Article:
Labour vows to close ‘North-South divide’ in public spending

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Labour has vowed to “close the gap” between spending in the north and south of England and end the “bias” it says there has been in transport investment.

Shadow chancellor John McDonnell said in a speech that London and the South East have disproportionately benefited from projects such as Crossrail.

He said a Labour government would act to prevent regional imbalances.

The Conservatives say they are spending £13bn alone on transport in the North.

As part of its “northern powerhouse” plan, the government is giving extensive powers over transport, skills, planning and economic development to cities and city regions, including Greater Manchester, Merseyside, Sheffield, north-east England and Tees Valley.

But speaking in Liverpool, Mr McDonnell said the North had consistently lost out in terms of spending – and promised a future Labour government would try to rectify that.

He cited figures from the National Infrastructure Commission suggesting projected capital spending per head of population in the north of England will increase by just £1,491 by 2020-2021, compared with by £3,114 per head in London.

He said Crossrail’s £14.5bn price tag was four times the entire public investment budget for Yorkshire and six times that of the North East.

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The new Elizabeth Line in London will be fully open by the end of 2019

“We have to put an end to the Whitehall view that what’s good for the City of London is good for the country as a whole,” he said.

“It is time for the rest of the country to get a look in.”

If Labour wins power at the next election, he says, it will pass laws requiring ministers to audit capital spending in the English regions against their relative economic need and to report any disparities to Parliament.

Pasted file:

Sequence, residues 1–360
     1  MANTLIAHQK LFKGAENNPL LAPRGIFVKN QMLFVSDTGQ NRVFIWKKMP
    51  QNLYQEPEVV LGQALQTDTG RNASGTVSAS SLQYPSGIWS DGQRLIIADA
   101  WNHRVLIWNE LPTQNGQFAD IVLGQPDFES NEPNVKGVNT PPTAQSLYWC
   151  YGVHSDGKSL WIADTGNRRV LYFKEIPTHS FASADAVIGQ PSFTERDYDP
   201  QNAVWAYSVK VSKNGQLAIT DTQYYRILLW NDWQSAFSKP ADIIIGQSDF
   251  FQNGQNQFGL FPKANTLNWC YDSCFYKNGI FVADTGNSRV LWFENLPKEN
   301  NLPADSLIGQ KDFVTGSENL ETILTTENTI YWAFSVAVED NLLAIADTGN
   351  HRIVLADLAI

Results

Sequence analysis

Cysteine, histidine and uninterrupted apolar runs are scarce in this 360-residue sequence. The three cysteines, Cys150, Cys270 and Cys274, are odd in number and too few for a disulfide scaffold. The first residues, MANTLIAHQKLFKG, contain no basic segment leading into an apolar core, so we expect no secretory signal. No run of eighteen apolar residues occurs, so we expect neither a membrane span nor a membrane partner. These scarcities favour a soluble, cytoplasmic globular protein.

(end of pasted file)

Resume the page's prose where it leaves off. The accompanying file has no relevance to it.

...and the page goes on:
He likened the proposal to a “Barnett formula” for the north of England – comparing it with the funding mechanism which has set a floor for UK government spending in Scotland, Northern Ireland and Wales for the past 40 years based on population size.

“The next Labour government will put in place the mechanisms needed to close that gap in funding,” he added.

“We will make sure that no government can ever again bias its own investment plans so heavily against the majority of the country.”

Asked how he would invest in the North, Mr McDonnell told BBC Breakfast that Labour wanted a northern Crossrail.

He said: “It’s been argued for for a long time. [Former deputy prime minister] John Prescott actually produced the idea several years ago.

“We’d like to see a Crossrail for the North which links Liverpool to Manchester to Leeds and then on to Hull and Newcastle, and in that way you can see the sort of project that is taking off in London at the moment distributed in the North as well.”

Rail and road investment

The government has earmarked £19bn in total capital spending for the north of England.

It has created Transport for the North, a new body to co-ordinate transport investment in the region, modelled on Transport for London, and has accepted all its recommendations to improve connectivity.

Its plans include an accelerated upgrade of the M62, major improvements to junctions on the M1 and M56, investments in leading stations and £1.2bn to increase capacity on the Northern and TransPennine rail routes.

In the longer term, the government has agreed in principle to a new Trans-Pennine tunnel in the Peak District and the scoping out of an HS3 rail route between Leeds and Manchester.

Ministers say the second phase of the HS2 high-speed line, connecting the West Midlands to Manchester and Leeds, will also bring major economic benefits.

Labour vows to close ‘North-South divide’ in public spending}

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